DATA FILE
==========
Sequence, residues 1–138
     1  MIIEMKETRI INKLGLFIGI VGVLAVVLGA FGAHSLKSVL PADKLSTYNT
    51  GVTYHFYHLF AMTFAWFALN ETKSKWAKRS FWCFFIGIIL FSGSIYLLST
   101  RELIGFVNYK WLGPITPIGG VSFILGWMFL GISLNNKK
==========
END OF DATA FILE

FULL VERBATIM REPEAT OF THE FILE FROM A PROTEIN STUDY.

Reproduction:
Sequence, residues 1–138
     1  MIIEMKETRI INKLGLFIGI VGVLAVVLGA FGAHSLKSVL PADKLSTYNT
    51  GVTYHFYHLF AMTFAWFALN ETKSKWAKRS FWCFFIGIIL FSGSIYLLST
   101  RELIGFVNYK WLGPITPIGG VSFILGWMFL GISLNNKK